It’s always tricky to know how to end an email. I always tend to opt for “cheers” when signing off, occasionally using a “thanks” or perhaps a short and informal “ta”. Those sign-offs, however, are hardly ideal when contacting someone formally for the first time.
But what about “Sincerely”? Is that too stuffy, old-fashioned and overly sentimental? Could you end by sending your “best wishes” instead? Like it or not, crafting an email is just as tricky as writing a letter, even if you smashed it out on your keyboard in a few seconds.
That’s where we come in to help. We’re here to guide you through the best ways to end an email and save yourself from email embarrassment.
So, in no particular order (although generally going from worst to best) here’s our take on how to end an email properly.
Hopefully your emails will invoke happiness in the recipient
“Thanks” and variants along that tangent (“thanks again”, “thanks!”, “thanks so much” etc.) all come across as being a little bit disingenuous. Not only do we all read emails with a little bit of a sarcastic tone in our head, but if you’re emailing to ask someone for something – rather than to genuinely express thanks – it’s a tad obnoxious. Avoid.
While you may have been taught to always end a letter – and then thus an email – with sincerely, just don’t. If you’re starting your email with “Dear”, then you can get away with finishing with “sincerely” but otherwise, avoid – even in some formal applications.
3. … soon
“Talk soon”, “speak to you soon” or even “more soon”, ending with anything “soon” generally commits you to talking to that person again. Generally fine if you actually intend to send a follow-up email or meet someone in person, less fine if you have zero intention to make an effort to speak with them. While a casual reply, it can come across as insincere.
4. Your name
Ending an email by just signing off is generally seen as pretty cold and abrupt. Best left out of any email you want to send to someone.
5. Your initial(s)
Signing off with your initials or first initial is a tad friendlier than writing out your full name, but it’s still just as abrupt. It also leaves people relatively in the dark as to who you are, so really only best used if you’re talking to someone you already know reasonably well.
Surprisingly, ending an email with nothing at all is absolutely fine, but you cannot do this on your first email. Always put an end on your email first and, as more emails are sent in quick succession, you can drop the formalities.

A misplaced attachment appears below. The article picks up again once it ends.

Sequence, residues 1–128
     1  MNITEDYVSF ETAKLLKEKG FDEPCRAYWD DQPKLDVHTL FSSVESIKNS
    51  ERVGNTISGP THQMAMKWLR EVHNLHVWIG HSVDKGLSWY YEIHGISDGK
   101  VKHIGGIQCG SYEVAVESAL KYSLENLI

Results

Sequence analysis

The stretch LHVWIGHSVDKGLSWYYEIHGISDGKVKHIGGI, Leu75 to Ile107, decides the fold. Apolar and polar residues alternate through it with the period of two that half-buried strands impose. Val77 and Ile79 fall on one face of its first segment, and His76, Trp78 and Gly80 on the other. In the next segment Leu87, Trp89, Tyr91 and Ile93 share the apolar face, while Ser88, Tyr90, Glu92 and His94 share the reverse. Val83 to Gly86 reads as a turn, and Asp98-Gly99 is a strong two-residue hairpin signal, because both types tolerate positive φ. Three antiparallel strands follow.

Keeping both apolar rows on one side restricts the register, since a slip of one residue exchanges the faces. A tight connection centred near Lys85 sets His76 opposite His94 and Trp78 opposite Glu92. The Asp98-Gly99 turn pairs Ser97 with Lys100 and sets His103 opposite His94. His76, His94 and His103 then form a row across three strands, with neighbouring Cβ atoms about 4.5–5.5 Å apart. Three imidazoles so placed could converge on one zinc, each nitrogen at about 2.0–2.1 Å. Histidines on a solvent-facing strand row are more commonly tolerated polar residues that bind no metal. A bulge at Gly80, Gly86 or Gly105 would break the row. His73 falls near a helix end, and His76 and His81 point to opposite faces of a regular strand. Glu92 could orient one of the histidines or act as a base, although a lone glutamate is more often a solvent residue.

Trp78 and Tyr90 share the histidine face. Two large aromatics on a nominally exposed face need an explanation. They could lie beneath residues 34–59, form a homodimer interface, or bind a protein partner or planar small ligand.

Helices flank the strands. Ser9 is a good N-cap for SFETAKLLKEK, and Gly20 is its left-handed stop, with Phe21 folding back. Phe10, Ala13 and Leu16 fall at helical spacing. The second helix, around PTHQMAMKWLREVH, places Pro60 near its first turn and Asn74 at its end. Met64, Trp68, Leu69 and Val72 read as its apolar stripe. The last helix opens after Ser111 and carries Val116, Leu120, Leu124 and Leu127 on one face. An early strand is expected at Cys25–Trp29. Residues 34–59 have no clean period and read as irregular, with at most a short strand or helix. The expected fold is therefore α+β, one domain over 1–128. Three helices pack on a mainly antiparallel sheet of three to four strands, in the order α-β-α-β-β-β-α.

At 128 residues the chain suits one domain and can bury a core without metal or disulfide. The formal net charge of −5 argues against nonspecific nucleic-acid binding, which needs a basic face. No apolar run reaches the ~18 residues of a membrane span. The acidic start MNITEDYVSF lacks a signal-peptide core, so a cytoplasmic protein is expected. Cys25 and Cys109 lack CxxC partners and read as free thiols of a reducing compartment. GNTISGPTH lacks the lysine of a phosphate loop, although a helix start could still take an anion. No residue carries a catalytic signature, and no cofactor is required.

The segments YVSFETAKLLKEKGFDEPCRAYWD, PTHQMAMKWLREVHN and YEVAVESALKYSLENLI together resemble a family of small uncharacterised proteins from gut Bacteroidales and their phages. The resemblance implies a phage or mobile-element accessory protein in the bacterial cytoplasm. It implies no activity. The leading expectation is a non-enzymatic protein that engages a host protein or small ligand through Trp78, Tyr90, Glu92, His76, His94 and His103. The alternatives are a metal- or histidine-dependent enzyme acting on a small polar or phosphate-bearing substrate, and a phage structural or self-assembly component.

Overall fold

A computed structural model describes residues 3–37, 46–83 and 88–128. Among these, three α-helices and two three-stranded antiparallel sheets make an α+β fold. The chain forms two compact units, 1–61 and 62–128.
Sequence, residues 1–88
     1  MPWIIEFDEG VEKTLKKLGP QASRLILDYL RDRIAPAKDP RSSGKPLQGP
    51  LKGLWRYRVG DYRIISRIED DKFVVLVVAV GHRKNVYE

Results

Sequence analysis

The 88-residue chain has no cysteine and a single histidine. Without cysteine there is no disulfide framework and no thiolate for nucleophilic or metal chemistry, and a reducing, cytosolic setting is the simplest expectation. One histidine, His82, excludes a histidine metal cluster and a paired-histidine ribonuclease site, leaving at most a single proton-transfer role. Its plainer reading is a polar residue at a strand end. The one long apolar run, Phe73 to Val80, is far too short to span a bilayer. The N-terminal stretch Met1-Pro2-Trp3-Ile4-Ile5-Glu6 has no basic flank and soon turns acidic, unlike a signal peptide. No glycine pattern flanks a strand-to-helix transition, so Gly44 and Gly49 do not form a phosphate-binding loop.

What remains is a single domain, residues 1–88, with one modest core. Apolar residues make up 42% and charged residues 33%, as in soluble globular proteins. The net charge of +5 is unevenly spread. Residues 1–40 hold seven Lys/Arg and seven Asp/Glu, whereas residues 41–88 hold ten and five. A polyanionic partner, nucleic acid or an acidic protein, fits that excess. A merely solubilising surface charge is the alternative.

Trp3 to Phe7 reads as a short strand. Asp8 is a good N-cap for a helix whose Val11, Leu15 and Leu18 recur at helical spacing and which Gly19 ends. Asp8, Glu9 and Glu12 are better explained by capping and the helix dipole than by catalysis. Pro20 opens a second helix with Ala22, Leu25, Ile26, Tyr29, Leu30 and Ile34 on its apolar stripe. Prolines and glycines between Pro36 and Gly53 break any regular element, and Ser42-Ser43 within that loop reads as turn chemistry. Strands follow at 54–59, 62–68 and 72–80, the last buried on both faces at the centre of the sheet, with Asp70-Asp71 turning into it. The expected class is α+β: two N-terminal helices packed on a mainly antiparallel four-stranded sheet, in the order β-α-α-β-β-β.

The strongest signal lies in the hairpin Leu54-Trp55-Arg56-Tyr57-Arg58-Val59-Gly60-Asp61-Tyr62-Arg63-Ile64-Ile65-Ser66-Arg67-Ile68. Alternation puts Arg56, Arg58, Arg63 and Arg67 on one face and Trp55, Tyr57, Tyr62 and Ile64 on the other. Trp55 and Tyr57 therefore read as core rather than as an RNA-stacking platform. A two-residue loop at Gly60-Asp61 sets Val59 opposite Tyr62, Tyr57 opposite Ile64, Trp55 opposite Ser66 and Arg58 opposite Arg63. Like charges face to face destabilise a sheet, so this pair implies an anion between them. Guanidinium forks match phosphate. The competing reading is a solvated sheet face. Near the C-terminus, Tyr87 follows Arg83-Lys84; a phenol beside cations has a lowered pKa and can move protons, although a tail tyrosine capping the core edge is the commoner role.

So long as you don’t send an email from one of these, you should be fine.
Stiff and outdated. Only bring this one out if you’re emailing a government official or someone from the clergy as “respectfully yours” is the standard closer in that situation.
8. XX [Kisses]
Unless it’s a family member or close friend, you shouldn’t be doing this. Some casual work relationships find this acceptable, but it’s really only something you do with someone you already know you can do this with. Don’t spring it on someone out of the blue, it’s creepy.
This reply is, along with “all the best” and “best wishes”, a relatively safe ending to go with if you’re being polite but informal. The more words you add, “best wishes” or “all the best” for example, the more formal the sentiment becomes. Some feel that “best” and its variants can be too effusive, but for the most part, it should serve you fine.
“Yours”, and variants thereof (“yours truly”, “yours faithfully”, etc) sit on the more formal end of the spectrum. Like with “best”, the more words you add, the more formal it becomes. “Yours” does have another complication, though, many wonder exactly what you’re offering when saying “yours” and “yours faithfully” indicates something incredibly formal like a forthcoming marriage proposal. Avoid.
12. Look forward to hearing from you
Like “thanks”, this seemingly inoffensive sign off can actually be an awful way to end an email if you’re asking for something. Not only does it come across as presumptuous, it’s an email power play whereby those on the receiving end are either forced to reply due to their relationship with you, or your seniors could take it as a sign that you’re being rather pushy on a response. Best bet is to leave it out unless you’re genuinely expecting a reply.
Only really acceptable if you’re talking informally, otherwise it seems a little patronising. The same can also be said with “ta”, but “cheers” is generally a favoured response that’s also pleasingly casual and – to us Aussies – perfectly acceptable instead of “thanks” and more formal email sign-offs.
15. As ever
According to numerous articles around how to end emails, the generally favoured way to end an email is “as ever”. While not an ideal finisher for initial contact, it’s great for replying to someone you speak to often over email. It carries no expectancies, connotations or tone to read into. It’s simply you signing off as you.
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